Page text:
Unsure of the next step

Hi, I'm wondering if anyone has any advice for our current situation 

I have had concerns over my 6yr old daughter and some of her behaviour and things for a few years but everytime I bought anything up I was dismissed as over reacting.

Some of her behaviours include: an intense rain and wind phobia, waking up at night scared if she thought it was going to rain the next day, sobbing if it did rain etc.

She hates certain noises, if her 18month sister cries, she cries too because she says it's too loud, will jump at the smallest noise such as hearing next door through the wall. She will often put her ear defenders on as she says things are too loud.

Intense tantrums over what appears to be smallest thing or if asked to do every day things such as brushing her teeth or putting on shoes. She will immediately cry, scream, try to hide under the table, kicking and hitting and physically lashing out. She often trys to bargain to get out of doing these things as well

She needs her routine to stay the same, any change causes intense screaming and crying as above.

If she spills anything she cries and if spilt on herself she will immediately try to strip, even if it's a tiny amount

She seems to struggle with understanding other peoples personal space but is very protective of her own.

Towards the end of yr 1 after thinking she had been unlucky with bugs the doctor told us her sickness was down to anxiety, he asked us to do a behaviour diary for a month and at the end of summer referred her to our community paediatrics team, but they returned the referral saying she was showing normal behaviour??

However last weekend completely out of the blue she told me she wanted to die because she was awful and stupid and always got things wrong. When asked who said that she said 'I do, I always get things wrong'. This was said very calmly.

I have since spoken to the school and GP, I have an appt with her teacher and learning mentor tomorrow and the GP wants to see her next week after a weeks mood diary. I asked about a referral as was obviously concerned but was told to wait for a face to face appt

The school have said they see nothing at school apart from her being a little anxious at  times and is a bit of a perfectionist but her headmaster says it is possible for children to mask it very well at school.

After a routine appt for myself with a nurse this morning it was her who suggested that my daughter have a form of autism and to push to get answers for her but I dont know who to push.

I want the GP to refer her again but is Camhs the better people to be referred to whilst also just seeing if I get any further information from the school to help.

Is there any specific questions i could or should be asking the Dr or school to help with it all?

Thank you for reading, I've just realised how long this has become x

  • Hello,

    The page below answers most of your questions. The behaviour you describe suggests further investigation is warranted. I am not a medical professional.


  • Welcome to the forum,

    What you're describing seems to be quite common, and I was somewhat the same myself as a child (though not diagnosed until much later in life).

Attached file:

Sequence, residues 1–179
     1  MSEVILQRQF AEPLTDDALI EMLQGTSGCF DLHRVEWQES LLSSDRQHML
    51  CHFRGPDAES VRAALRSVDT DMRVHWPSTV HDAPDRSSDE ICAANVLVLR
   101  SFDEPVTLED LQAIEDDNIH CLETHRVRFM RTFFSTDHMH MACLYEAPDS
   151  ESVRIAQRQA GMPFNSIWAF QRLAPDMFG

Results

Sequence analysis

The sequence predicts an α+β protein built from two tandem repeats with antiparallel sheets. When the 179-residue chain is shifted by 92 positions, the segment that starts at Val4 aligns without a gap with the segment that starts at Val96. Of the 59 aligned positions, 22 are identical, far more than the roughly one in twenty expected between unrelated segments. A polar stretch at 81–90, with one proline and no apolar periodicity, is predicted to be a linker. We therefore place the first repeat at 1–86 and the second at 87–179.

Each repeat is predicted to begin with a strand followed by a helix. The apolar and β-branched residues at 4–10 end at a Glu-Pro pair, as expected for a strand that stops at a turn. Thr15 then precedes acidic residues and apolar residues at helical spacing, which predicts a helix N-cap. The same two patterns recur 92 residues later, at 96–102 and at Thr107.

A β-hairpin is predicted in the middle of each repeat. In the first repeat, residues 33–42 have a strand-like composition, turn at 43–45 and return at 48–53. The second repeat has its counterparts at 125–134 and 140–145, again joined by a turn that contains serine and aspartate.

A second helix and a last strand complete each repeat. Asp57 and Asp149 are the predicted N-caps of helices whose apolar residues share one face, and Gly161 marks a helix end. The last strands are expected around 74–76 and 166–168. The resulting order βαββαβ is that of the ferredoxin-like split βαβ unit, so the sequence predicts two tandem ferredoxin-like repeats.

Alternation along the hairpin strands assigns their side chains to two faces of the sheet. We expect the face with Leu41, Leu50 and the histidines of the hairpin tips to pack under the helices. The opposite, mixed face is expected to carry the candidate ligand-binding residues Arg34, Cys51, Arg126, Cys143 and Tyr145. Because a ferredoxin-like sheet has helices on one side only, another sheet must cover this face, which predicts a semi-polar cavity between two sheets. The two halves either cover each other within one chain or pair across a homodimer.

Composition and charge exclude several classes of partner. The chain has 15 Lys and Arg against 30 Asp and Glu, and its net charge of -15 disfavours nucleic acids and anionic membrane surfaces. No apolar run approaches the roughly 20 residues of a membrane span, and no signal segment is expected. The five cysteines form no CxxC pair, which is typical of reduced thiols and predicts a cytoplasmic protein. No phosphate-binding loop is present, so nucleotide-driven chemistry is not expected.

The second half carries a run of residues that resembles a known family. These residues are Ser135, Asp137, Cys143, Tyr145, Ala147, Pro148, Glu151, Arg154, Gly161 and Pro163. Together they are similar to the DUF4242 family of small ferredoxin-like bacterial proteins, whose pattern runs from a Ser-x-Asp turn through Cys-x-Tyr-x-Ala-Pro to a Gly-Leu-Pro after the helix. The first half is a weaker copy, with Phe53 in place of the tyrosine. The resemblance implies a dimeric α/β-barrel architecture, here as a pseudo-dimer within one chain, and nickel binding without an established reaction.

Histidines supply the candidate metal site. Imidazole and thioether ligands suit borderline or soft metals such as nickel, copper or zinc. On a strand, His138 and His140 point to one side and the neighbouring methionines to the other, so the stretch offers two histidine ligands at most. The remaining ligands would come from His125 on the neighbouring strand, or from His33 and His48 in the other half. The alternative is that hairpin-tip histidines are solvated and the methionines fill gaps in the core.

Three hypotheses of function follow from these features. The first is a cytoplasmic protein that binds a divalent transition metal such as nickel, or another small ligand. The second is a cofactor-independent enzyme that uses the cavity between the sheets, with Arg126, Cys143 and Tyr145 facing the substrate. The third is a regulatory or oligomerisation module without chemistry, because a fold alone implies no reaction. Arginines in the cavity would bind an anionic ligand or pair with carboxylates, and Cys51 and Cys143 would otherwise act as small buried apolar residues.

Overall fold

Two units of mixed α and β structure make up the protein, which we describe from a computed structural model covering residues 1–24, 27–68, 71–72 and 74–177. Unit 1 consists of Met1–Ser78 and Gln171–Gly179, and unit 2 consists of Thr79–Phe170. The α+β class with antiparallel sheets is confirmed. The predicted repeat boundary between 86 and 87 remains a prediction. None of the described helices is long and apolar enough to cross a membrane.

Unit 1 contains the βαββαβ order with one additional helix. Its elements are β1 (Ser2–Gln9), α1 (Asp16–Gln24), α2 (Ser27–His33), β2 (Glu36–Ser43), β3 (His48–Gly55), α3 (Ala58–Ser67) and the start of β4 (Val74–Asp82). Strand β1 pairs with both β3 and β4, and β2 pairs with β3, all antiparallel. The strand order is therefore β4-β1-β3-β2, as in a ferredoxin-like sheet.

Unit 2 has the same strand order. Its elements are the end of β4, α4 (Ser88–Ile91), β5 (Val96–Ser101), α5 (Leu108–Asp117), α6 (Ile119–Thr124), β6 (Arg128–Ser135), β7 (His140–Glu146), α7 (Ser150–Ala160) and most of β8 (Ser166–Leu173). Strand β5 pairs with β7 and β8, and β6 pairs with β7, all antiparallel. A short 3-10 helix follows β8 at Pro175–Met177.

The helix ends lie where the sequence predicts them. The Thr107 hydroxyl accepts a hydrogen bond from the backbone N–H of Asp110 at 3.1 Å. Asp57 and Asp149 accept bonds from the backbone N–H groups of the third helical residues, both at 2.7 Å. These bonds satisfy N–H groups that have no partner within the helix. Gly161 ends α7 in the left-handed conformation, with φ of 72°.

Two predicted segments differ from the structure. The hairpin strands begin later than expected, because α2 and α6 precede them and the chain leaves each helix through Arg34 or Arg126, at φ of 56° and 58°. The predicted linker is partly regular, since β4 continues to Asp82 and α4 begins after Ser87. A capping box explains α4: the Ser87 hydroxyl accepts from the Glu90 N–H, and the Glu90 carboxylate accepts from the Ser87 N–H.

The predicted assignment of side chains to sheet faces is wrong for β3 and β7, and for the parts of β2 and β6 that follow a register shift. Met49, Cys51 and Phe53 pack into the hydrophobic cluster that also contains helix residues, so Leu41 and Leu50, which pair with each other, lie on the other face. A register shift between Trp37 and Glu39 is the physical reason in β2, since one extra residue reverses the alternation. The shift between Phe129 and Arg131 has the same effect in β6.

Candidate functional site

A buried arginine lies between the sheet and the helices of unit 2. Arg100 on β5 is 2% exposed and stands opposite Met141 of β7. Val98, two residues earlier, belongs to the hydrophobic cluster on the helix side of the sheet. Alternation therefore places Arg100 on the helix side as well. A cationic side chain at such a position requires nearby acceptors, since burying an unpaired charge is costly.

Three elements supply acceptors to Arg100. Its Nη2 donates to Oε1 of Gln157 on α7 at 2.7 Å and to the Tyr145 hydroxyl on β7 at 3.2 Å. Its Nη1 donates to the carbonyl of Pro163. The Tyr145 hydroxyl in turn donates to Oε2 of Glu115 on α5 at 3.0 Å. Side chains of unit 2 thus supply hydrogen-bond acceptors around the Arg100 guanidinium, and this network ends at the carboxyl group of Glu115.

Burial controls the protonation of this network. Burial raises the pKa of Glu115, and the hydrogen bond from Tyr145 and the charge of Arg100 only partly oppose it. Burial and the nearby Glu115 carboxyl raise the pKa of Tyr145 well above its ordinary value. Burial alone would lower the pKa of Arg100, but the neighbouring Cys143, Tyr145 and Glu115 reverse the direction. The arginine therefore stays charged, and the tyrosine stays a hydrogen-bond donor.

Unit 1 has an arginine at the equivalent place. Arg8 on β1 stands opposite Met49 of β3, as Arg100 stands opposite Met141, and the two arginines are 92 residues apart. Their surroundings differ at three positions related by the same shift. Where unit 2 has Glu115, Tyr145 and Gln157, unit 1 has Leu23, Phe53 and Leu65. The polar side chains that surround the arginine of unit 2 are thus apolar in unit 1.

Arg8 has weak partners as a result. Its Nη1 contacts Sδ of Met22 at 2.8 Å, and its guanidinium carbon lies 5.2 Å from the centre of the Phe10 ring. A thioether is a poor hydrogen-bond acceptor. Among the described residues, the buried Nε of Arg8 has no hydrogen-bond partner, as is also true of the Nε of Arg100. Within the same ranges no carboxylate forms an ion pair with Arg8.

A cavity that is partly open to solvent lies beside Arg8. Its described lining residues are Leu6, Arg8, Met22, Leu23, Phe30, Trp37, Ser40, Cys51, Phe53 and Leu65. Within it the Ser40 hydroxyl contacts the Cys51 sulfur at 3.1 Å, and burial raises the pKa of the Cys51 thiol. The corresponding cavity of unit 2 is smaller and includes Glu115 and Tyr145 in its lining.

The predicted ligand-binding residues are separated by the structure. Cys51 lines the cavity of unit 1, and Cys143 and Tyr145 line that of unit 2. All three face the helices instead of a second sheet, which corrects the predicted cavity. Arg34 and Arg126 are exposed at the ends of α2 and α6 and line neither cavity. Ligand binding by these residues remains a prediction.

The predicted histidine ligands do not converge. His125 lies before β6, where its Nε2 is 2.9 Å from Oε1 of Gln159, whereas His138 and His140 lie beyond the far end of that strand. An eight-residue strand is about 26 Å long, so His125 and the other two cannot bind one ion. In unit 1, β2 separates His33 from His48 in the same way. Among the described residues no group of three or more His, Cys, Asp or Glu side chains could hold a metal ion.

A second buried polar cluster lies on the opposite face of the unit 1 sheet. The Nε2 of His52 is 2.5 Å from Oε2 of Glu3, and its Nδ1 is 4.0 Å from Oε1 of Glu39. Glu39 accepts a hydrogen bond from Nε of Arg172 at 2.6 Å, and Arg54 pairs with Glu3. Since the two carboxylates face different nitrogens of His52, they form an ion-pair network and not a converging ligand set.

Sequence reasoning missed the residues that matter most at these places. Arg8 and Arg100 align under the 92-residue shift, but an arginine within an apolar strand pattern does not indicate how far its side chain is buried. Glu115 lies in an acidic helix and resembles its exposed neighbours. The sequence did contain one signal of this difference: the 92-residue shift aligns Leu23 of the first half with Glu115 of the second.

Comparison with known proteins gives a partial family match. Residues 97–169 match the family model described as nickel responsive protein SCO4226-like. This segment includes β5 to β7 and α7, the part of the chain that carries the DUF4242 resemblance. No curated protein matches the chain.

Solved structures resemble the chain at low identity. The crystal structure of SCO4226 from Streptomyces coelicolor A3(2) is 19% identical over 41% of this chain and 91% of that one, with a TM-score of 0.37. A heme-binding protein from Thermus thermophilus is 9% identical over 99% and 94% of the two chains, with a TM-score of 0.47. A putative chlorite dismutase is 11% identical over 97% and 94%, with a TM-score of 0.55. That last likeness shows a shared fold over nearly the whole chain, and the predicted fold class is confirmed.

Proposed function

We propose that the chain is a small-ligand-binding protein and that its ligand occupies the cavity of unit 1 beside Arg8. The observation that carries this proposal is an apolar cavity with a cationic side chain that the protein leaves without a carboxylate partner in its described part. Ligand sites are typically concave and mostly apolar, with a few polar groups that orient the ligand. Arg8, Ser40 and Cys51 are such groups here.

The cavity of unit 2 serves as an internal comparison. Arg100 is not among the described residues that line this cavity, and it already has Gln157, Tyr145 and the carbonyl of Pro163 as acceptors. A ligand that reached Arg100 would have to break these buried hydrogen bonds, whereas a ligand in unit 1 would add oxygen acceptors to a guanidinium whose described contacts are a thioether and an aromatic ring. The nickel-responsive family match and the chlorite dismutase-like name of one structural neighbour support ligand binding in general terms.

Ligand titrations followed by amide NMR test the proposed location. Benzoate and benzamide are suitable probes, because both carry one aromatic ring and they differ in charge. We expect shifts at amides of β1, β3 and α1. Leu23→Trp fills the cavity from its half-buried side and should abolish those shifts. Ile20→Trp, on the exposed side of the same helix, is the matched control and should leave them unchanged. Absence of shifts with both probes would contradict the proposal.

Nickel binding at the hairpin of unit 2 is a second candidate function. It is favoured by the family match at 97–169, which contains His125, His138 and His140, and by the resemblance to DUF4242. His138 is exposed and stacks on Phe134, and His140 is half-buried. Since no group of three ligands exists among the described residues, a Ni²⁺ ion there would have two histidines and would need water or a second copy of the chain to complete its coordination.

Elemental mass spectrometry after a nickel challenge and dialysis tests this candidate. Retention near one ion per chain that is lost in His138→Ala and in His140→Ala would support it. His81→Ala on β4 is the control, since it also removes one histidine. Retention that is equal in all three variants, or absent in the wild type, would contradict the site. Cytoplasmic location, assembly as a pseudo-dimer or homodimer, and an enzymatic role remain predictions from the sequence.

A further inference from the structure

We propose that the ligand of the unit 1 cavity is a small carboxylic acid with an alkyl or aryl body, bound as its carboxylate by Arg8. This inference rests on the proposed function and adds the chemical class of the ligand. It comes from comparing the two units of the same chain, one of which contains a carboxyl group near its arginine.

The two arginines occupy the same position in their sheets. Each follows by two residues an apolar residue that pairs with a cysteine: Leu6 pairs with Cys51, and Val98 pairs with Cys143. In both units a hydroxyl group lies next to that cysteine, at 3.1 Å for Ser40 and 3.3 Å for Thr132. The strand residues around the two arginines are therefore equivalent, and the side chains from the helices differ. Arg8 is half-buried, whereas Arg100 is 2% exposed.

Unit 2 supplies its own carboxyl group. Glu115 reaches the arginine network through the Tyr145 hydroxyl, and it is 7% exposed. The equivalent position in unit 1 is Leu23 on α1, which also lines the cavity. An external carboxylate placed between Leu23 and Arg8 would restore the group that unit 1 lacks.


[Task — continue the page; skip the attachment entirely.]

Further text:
When we know we're being scrutinised by strangers, whether it's our classmates or an examining paediatrician, we pull out all the stops to try to behave as "normally" as possible. We're often extremely self-conscious about whether the behaviour we're mimicking will meet people's expectations, and often very uncertain whether we even know what those expectations are. Even if we understand the how, we often don't understand the why. Naturally, this makes us both anxious and extremely sensitive to anything we might be doing wrong. It also makes us extremely tired mentally. After a day of masking at school, we've just got to let go of trying to suppress our autistic behaviours, because we haven't the energy to do it. School and medics see a pupil who is coping with their condition extremely well, while parents can sometimes even feel that their child is regressing (their autism hasn't got "worse", of course, it's just nearer to the surface.)

    There are some good signs in your post. Firstly, anxiety has been identified as a strong component of the problem, and I believe that is correct. Secondly, the headmaster has spoken about masking, so there is some awareness that your daughter is consciously manipulating her behaviour, though the head is maybe less aware of quite how much of a burden this might be for her. Getting the school and paediatrics team to recognise this should be a priority, I think.

    I don't have enough knowledge of the school system to advise you any more about that. However, I would highlight the importance of her having some way to wind down and recharge her batteries when she gets home from school. Try to set aside a period during which she won't have any demands made of her, won't be pressed for too many details about her day, and when she's allowed (within reason) to flap, rock, spin around, etc. if she feels the need (stimming is definitely an innate kind of coping method for stress, IMHO). If you can find some activities which she can lose herself in, so that she isn't ruminating about the events of the day, that will be a great help too. You could say that she needs at least part of the day where she can just "be autistic".

    Best wishes to you and your daughter.